Hayley Thiesen/TSUN poses with one of the works in her exhibit, Northern Animals, at Arts Underground in Whitehorse. (Submitted)

Hayley Thiesen/TSUN poses with one of the works in her exhibit, Northern Animals, at Arts Underground in Whitehorse. (Submitted)

A celebrity take on northern wildlife

Hayley Thiesen/TSUN displays animal portraits at Arts Underground

Inside the Edge Gallery at Arts Underground on Main Street, visitors will find some familiar Yukon creatures that may have a few things in common with a few of their favourite celebrities.

Hayley Thiesen/TSUN’s Northern Animals exhibit opened Feb. 5 and will be displayed there until Feb. 27.

The exhibit features animal portraits aimed at capturing the animal’s unique spirit and personality.

“(Thiesen/TSUN) then attempts to pair each portrait with a well-known celebrity, athlete, or musician who she believes share similar attributes. Hayley is fascinated by the connections, and affectations viewers make to the portrait of an animal when it has a familiar name,” it’s noted in the Facebook event listing on the Arts Underground page.

It’s a style Thiesen/TSUN has been painting in since 2018 and for the artist it’s always fun to hear viewers’ reaction to the celebrity a portrait is paired with, she said in a Feb. 9 interview.

A brown bear named after singer Britney Spears, a musk ox bearing the name of actor Gordon Tootoosis who died in 2011, and a large grizzly named after another actor — Sam Barker — are a few of the critters to be found included in the exhibit.

Asked what she hopes gallery visitors get out of the exhibit, Thiesen/TSUN put it simply: “I hope they like it.”

She added the celebrity names that go with the portrait often elicit a good laugh and she’d like that for those who drop by the gallery to take in her work.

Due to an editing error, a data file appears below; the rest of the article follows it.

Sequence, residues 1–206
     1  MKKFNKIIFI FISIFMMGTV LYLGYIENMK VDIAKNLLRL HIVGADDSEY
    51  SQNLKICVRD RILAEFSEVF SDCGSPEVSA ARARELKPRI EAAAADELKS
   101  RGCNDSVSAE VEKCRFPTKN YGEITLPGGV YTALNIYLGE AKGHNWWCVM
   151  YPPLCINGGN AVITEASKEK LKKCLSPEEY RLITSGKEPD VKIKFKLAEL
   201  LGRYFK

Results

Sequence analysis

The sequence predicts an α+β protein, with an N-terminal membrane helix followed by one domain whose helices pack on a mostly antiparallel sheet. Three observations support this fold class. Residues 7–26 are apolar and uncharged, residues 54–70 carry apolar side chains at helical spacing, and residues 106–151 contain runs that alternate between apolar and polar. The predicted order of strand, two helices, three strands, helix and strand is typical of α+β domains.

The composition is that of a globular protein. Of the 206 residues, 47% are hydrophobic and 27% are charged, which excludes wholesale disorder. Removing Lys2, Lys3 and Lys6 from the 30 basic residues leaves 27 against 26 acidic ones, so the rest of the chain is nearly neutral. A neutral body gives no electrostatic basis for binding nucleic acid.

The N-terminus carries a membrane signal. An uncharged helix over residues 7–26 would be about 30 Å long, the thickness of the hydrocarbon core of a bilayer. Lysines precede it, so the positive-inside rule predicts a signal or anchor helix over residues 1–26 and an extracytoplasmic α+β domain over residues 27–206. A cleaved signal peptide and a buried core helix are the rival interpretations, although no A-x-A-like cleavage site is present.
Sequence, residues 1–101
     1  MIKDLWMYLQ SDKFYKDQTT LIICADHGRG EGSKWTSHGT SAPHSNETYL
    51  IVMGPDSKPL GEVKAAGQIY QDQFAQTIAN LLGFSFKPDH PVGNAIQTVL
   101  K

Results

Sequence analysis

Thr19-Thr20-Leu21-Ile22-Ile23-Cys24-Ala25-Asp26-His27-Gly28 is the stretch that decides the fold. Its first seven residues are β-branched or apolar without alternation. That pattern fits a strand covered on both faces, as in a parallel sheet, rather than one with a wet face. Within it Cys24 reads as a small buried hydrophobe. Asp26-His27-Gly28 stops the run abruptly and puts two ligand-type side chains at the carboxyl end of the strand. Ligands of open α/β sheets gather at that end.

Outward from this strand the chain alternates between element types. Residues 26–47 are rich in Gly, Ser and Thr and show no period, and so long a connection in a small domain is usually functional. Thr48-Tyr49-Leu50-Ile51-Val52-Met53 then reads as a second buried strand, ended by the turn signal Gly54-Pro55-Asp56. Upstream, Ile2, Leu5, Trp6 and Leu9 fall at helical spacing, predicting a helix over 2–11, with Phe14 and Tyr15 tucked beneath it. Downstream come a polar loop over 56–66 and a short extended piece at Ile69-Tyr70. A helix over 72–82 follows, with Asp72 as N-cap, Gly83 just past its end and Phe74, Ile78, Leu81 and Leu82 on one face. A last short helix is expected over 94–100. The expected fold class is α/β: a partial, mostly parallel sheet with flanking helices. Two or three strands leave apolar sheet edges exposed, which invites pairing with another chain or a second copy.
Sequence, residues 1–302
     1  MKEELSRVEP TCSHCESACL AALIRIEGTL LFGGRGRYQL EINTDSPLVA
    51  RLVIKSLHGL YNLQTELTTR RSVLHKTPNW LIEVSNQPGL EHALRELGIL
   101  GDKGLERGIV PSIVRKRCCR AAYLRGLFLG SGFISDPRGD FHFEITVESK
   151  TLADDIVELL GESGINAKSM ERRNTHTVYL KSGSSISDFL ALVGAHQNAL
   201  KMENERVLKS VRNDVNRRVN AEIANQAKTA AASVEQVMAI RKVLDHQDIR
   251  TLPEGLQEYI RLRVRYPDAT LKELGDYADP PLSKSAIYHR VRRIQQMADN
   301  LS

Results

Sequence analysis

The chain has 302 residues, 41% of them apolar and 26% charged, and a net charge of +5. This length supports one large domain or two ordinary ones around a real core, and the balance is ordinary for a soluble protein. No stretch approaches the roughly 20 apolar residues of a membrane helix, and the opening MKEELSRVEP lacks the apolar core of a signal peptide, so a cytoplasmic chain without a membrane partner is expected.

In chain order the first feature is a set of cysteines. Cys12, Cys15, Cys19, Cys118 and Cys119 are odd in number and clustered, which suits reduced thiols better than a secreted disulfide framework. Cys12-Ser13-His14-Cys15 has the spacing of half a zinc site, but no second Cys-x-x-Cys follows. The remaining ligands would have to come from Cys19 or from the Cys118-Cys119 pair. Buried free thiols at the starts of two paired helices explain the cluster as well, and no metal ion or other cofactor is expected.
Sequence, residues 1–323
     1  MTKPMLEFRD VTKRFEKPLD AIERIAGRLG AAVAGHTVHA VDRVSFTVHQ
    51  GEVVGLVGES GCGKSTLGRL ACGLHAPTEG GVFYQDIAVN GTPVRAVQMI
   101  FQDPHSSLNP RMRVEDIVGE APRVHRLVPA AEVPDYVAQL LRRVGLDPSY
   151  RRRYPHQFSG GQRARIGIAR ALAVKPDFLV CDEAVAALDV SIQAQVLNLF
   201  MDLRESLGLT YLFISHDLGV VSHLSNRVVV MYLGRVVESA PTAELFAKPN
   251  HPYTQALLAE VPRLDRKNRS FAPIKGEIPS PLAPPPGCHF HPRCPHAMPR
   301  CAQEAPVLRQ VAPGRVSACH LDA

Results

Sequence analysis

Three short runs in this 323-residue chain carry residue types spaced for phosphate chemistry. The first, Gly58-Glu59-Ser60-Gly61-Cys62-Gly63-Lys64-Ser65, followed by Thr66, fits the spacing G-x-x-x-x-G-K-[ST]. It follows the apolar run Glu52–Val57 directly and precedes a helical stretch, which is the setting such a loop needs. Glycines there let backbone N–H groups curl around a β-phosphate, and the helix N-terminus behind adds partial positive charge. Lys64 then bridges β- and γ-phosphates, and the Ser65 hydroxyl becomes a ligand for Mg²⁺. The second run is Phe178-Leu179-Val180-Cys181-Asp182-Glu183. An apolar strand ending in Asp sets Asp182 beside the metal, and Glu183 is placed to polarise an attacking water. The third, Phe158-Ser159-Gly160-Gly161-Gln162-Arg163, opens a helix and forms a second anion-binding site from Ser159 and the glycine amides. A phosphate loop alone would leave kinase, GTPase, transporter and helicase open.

All of the portraits feature the brilliant turquoise eyes, highlighted with gold that have become Thiesen/TSUN’s trademark.

Thiesen/TSUN’s style of animal portraits started with a rabbit she was painting. Nearly finished, she knew the image needed something else.

“What would really pop,” she recalled thinking to herself.

It was then that the turquoise and gold came to mind for the eyes, which were then added to the rabbit. Since then, it’s become part of all her animal portraits.

While Thiesen/TSUN has developed her style of animal portraits over the last three years, artwork has been a major part of her life since her childhood growing up outside Kamloops, B.C.

“When I was a kid I was drawing, drawing, drawing all the time,” she said.

She enjoyed drawing so much that when painting was added to her school’s art curriculum she found it frustrating, and felt like she wouldn’t be good at it.

And that led to an obsession to improve. She continued to work on it, eventually coming to actually enjoy the medium.

At Thompson River University she earned her undergraduate degree, studying visual arts and literature before going on to earn her teaching credentials at the University of Victoria where she also took some art courses.

As her work as a teacher saw her move throughout B.C. as well as to Seoul, South Korea, and Dalian, China, she continued to create artwork. Travelling gave her the opportunity to experience a variety of art as well as taking in the culture of areas she visited.

Her website features a wide array of the artwork she’s produced throughout her career featuring floral paintings, celebrity portraits as well as The Vault, as it’s been labeled, which showcases “some oldies, but goodies” and a variety of styles. Animal portraits make up the largest part of her collection of work.

Eventually, she ended up moving to the Yukon. She now works at F.H. Collins Secondary School, teaching art while also continuing to create her own pieces.

For the most part, much of Thiesen/TSUN’s artwork has been for her own enjoyment with displays of her work being limited to her website and for friends and acquaintances. She has sold some pieces over the years.

She hadn’t given a lot of thought to displaying her work in a gallery until a few friends made the suggestion.

“It had never occurred to me,” she said. “Art is so personal.”

After giving the suggestion some thought, she decided to apply for her pieces to be shown in Arts Underground and is pleased that they’re now on display, hoping Yukoners will enjoy the show.

Contact Stephanie Waddell at stephanie.waddell@yukon-news.com


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